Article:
Treatment of pregnancy-associated breast cancer
Frauenklinik der Heinrich Heine Universität, Dusseldorf, Germany. . Expert Opinion on Pharmacotherapy
(Impact Factor: 3.53).
09/2009; 10(14):2259-67. DOI: 10.1517/14656560903168906
In primary breast cancer three therapeutic components-cytotoxic, endocrine and targeted antibody therapy-have led to a significant reduction in breast cancer mortality. In pregnancy associated breast cancer the right therapeutic choice is still under discussion while incidence is increasing. With an incidence of 1/3,000 to 1/10,000 pregnancies, pregnancy-associated breast cancer is the most common solid tumor in pregnancy after cervical carcinoma.
This article reviews the evidence base for the use of various treatment modalities in patients with pregnancy-associated breast cancer.
Medline review, searching for articles including years 2000 through 2008 was performed. Search was conducted for the terms "pregnancy" and "breast cancer". Cross references up to the second level were taken into account if of interest for this review.
Loco-regional therapy of pregnancy-associated breast cancer follows the general guidelines for breast cancer therapy in principle. Radiation of the breast and/or chest wall is usually not performed during pregnancy. Chemotherapy is indicated for the majority of patients with pregnancy-associated breast cancer. After the first trimester, anthracycline-based chemotherapy is regarded as the treatment standard in pregnancy. Folate antagonists such as methotrexate are strictly contraindicated as they are the main cause of fetal malformations. Adjuvant endocrine therapy with anti-estrogens during pregnancy is contraindicated. Data on targeted biological treatment, particularly for HER2/neu positive tumors during pregnancy are scarce and this treatment should be postponed until after delivery.
This article summarizes the special features of the diagnosis and primary therapy of pregnancy-associated breast cancer with particular emphasis on cytotoxic therapy.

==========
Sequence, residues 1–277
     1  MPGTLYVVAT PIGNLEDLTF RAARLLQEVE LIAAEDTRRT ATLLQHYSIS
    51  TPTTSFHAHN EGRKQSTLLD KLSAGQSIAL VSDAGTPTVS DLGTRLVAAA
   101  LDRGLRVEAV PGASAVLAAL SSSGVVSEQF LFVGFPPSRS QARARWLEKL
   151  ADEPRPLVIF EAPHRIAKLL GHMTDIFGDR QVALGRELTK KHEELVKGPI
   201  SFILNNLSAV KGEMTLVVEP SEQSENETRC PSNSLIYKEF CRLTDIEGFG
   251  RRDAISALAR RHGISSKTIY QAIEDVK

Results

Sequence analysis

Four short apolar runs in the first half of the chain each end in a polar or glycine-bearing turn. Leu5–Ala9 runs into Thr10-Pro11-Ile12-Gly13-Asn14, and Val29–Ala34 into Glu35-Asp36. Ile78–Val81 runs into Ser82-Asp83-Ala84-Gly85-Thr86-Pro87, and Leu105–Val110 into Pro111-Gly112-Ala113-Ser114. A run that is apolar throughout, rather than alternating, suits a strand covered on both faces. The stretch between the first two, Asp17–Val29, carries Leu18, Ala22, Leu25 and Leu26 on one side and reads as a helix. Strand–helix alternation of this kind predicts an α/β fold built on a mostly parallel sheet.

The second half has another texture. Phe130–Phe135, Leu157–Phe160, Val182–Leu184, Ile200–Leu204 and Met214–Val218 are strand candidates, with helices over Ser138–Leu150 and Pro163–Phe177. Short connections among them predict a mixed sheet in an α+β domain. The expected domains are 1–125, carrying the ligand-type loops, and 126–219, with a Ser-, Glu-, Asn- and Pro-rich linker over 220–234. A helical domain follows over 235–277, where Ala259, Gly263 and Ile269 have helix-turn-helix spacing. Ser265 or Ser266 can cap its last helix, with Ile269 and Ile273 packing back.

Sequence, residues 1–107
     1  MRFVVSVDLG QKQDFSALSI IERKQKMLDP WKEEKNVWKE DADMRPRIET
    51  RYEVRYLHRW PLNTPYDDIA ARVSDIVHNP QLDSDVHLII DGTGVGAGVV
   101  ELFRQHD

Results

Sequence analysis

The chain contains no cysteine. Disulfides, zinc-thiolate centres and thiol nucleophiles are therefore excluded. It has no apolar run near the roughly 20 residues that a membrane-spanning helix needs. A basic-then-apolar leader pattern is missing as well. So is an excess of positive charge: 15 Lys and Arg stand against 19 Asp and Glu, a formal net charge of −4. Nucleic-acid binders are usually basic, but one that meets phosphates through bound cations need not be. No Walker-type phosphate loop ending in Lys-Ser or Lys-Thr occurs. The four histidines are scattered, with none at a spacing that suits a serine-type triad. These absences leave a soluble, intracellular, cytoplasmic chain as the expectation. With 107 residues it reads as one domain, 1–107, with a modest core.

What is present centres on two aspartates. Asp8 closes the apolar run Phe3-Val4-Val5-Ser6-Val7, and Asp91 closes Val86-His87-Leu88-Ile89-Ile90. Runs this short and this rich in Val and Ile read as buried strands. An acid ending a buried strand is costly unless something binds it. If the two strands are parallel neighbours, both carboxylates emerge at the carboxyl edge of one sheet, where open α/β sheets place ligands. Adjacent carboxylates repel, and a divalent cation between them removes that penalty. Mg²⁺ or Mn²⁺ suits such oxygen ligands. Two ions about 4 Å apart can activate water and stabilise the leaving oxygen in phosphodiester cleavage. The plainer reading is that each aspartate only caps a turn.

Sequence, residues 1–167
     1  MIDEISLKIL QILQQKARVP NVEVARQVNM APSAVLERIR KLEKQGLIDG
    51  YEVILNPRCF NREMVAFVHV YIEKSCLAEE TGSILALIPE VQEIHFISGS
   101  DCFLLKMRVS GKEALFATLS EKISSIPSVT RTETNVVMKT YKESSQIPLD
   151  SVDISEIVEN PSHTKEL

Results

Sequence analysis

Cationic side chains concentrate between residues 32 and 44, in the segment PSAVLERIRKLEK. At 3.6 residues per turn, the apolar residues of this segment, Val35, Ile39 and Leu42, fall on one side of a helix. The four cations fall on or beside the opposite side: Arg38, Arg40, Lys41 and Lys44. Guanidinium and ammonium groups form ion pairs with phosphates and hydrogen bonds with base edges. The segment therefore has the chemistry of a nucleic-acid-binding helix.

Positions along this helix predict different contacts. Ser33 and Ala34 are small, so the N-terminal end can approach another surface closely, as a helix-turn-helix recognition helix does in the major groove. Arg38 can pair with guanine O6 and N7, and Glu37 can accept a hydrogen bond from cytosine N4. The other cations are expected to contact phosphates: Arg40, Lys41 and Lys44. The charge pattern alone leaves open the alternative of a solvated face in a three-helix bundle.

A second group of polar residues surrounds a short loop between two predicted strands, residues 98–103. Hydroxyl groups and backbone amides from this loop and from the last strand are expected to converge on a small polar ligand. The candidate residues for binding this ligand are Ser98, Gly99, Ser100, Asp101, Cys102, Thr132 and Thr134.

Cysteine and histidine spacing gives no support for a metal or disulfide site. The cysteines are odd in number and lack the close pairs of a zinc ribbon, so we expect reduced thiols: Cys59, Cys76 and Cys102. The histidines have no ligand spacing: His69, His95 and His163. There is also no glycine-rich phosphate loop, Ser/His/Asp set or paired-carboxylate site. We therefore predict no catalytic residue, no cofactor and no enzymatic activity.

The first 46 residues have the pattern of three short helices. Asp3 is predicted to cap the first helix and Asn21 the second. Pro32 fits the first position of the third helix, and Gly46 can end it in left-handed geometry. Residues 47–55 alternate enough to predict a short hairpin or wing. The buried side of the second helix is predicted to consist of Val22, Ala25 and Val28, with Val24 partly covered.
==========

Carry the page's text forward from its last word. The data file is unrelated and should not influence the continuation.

Available from: Eray Caliskan
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ABSTRACT: Breast cancer is one of the most common cancers diagnosed during pregnancy and its frequency is increasing as more women postpone their pregnancies to their thirties and forties. Breast cancer diagnosis during pregnancy and lactation is difficult and complex both for the patient and doctors. Delay in diagnosis is frequent and treatment modalities are difficult to accept for the pregnant women. The common treatment approach is surgery after diagnosis, chemotherapy after the first trimester and radiotherapy after delivery. Even though early stage breast cancers have similar prognosis, advanced stage breast cancers diagnosed during pregnancy and lactation have poorer prognosis than similar stage breast cancers diagnosed in non-pregnant women. Women who desire to become pregnant after treatment of breast cancer will have many conflicts. Although the most common concern is recurrence of breast cancer due to pregnancy, the studies conducted showed that pregnancy has no negative effect on breast cancer prognosis. In this review we search for the frequency of breast cancer during pregnancy, the histopathological findings, risk factor, diagnostic and treatment modalities. We reviewed the literature for evidence based findings to help consult the patients on the outcome of breast cancer diagnosed during pregnancy and lactation, and also inform the patients who desire to become pregnant after breast cancer according to current evidences.